Finally, federal and state tax incentives have also made conversion to CNG more attractive. The Alternative Fuel Infrastructure Tax Credit provides a tax credit of 30 percent of the cost, not to exceed $30,000, of CNG and other alternative fuel capital equipment. Fueling station owners who install qualified equipment at multiple sites are allowed to use the credit towards each location. The Alternative Fuel Excise Tax Credit provides a credit in the amount of 50 cents per gallon for CNG. Many states offer their own tax incentive programs for alternative fuels and associated capital investment.

With natural gas costs declining and the availability of funding and tax credit opportunities increasing, CNG growth accelerated through the mid to late 2000s. By 2008, CNG accounted for 18.5 percent of all buses operated, and 19.5 percent of all fuel consumed, by public transportation agencies.5 But these figures have held constant through 2011 (the last year of available data). While CNG constitutes the largest market of alternative fuel buses, it should be noted that the deployment of electric, hybrid, and biodiesel buses is growing at a more rapid pace, with electric/hybrid vehicles accounting for 8.8 percent of the nation’s bus fleet (up from 0.1 percent in 1996) and biodiesel buses accounting for 7.9 percent (with no data available prior to 2008). In comparison, APTA estimates that 63.5 percent of all buses are diesel-fueled, down from 95.4 percent in 1996 as shown in Box 3.

As the largest CNG bus operator in the world, LACMTA consumes approximately one-third of the natural gas used by the nation’s transit operators. As shown in Box 4, nine of the largest 20 public transportation agencies in the US operate CNG buses.7 Collectively, these systems account for over 50 percent of the CNG fuel market. It should be noted that most of the 11 other largest systems operate some other form of alternative fueled-vehicles, such as hybrid-electric or biodiesel, or newer—and cleaner — diesel buses.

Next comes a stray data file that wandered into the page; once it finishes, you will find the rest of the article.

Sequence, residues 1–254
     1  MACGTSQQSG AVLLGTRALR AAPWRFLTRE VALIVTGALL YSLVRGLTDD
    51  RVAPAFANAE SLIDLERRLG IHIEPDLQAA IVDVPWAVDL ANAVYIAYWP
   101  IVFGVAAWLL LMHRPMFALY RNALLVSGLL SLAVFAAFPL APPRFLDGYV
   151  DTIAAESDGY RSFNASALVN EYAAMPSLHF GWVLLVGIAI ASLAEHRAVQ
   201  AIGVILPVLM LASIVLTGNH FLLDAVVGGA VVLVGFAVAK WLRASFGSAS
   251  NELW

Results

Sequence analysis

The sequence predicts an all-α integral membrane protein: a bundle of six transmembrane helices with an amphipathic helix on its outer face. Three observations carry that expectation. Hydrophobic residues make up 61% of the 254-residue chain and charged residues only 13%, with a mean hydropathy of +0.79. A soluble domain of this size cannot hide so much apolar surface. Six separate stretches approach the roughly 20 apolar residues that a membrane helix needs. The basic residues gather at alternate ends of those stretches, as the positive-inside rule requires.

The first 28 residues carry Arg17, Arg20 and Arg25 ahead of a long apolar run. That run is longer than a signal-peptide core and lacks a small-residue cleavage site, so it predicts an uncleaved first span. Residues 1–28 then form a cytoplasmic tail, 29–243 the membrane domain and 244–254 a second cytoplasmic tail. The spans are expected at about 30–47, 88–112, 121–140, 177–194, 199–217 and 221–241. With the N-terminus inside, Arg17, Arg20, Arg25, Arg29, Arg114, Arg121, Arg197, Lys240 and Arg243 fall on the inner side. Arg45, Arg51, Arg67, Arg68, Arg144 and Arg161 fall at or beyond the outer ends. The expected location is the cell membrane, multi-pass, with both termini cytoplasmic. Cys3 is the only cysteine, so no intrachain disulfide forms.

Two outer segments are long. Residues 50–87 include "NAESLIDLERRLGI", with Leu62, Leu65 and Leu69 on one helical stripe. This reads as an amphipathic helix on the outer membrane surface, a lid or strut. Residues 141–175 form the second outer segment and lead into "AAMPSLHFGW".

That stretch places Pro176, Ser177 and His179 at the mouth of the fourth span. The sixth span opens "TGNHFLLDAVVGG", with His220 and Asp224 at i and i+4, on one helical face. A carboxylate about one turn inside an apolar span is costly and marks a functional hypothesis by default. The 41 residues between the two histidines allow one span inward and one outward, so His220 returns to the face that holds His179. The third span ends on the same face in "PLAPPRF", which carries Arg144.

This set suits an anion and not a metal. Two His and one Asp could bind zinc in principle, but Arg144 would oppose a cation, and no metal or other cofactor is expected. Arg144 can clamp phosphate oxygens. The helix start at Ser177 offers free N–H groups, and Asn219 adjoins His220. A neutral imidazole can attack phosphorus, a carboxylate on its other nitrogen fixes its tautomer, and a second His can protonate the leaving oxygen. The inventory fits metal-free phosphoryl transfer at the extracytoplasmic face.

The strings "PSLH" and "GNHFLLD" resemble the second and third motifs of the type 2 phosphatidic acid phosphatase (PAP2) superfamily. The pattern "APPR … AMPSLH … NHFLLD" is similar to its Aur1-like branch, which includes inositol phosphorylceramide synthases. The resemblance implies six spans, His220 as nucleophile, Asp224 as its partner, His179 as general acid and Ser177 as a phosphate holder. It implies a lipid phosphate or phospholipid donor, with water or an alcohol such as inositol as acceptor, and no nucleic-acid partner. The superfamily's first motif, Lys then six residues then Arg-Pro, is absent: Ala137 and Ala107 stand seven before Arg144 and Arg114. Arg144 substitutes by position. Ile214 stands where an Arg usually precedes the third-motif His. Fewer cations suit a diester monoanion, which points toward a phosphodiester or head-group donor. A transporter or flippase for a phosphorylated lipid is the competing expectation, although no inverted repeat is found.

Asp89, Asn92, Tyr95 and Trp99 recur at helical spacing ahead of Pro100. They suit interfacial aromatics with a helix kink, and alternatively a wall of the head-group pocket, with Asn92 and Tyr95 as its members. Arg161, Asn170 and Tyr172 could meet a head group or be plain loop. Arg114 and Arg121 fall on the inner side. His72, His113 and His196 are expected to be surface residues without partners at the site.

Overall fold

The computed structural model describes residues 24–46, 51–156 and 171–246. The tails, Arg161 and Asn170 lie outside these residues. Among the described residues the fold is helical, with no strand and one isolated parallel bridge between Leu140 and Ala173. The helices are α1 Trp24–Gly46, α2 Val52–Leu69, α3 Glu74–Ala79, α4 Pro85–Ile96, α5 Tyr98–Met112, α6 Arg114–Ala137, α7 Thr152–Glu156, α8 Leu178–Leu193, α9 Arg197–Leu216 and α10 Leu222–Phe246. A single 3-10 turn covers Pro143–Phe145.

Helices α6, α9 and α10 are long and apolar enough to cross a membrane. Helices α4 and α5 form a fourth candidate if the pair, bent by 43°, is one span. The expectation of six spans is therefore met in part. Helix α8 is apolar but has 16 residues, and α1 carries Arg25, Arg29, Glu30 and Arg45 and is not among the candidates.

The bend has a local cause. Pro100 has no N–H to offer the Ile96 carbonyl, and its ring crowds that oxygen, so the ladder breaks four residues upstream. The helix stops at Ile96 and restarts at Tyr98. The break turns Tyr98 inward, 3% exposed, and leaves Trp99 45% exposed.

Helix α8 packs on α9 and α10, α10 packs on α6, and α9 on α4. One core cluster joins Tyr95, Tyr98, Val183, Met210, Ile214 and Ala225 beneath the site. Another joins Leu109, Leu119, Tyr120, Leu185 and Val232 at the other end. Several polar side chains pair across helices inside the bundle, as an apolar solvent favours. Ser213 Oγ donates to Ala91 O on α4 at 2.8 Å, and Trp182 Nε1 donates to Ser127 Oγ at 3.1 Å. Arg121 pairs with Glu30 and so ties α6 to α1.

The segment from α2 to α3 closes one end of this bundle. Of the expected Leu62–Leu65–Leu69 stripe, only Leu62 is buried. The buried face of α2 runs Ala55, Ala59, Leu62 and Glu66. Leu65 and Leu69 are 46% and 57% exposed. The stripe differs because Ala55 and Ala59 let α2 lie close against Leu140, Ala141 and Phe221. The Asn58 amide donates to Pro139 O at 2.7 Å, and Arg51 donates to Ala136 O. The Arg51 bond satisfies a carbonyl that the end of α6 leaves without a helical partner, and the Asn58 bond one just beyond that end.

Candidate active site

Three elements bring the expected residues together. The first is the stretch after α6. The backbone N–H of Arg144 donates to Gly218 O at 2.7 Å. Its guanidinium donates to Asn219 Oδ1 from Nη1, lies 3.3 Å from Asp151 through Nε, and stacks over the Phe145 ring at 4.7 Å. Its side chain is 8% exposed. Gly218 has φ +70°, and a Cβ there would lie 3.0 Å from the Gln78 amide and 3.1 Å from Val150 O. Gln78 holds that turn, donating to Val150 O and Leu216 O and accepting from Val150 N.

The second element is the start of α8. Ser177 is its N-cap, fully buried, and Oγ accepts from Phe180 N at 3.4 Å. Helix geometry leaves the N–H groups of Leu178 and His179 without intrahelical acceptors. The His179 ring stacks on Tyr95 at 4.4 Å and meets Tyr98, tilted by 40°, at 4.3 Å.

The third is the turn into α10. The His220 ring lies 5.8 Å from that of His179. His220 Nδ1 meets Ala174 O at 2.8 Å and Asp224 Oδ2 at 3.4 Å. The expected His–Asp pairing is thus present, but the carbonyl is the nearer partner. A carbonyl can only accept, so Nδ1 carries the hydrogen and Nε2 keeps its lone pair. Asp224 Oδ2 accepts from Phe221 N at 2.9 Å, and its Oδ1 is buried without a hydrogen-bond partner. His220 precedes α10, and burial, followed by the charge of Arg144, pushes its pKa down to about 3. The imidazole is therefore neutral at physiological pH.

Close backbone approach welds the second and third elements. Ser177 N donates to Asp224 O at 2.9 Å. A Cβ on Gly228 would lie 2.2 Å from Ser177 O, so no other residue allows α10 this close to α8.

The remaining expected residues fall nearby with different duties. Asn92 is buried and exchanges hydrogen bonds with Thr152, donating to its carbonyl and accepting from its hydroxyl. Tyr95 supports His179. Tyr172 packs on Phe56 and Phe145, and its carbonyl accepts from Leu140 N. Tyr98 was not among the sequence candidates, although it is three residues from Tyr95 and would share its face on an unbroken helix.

The Business Case for CNG

The air quality benefits and other environmental reasons for investing in CNG are well known and will not be considered here. Based on a review of the literature, there appears to be at least three important business variables that must be factored into the decision to invest in CNG vehicles and facilities.

Cost of Fuel

While CNG is markedly less costly than diesel, there is some variability in cost within the US, with costs in the Rocky Mountain area significantly lower than in New England (Box 5).

The US Energy Information Administration further forecasts that the cost of CNG will remain much lower than diesel in the future, but notes that it will rise against the current “Henry Hub” price point by approximately 2.4 percent per year through 2040. This is because opportunities for additional innovation are declining and remaining natural gas supplies will be more difficult to extract.6 Meanwhile, the costs of alternatives to CNG such as biodiesel are declining; as noted previously, biodiesel is increasing its share of the fuel market while the CNG market share has remained flat for the past several years.